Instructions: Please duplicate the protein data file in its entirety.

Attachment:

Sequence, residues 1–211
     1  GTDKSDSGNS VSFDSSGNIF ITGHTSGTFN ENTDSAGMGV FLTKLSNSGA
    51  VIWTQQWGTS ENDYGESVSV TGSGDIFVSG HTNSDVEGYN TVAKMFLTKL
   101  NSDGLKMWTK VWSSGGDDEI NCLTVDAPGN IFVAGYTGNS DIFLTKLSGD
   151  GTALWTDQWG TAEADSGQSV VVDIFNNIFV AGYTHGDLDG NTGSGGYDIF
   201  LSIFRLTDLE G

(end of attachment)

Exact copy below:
Sequence, residues 1–211
     1  GTDKSDSGNS VSFDSSGNIF ITGHTSGTFN ENTDSAGMGV FLTKLSNSGA
    51  VIWTQQWGTS ENDYGESVSV TGSGDIFVSG HTNSDVEGYN TVAKMFLTKL
   101  NSDGLKMWTK VWSSGGDDEI NCLTVDAPGN IFVAGYTGNS DIFLTKLSGD
   151  GTALWTDQWG TAEADSGQSV VVDIFNNIFV AGYTHGDLDG NTGSGGYDIF
   201  LSIFRLTDLE G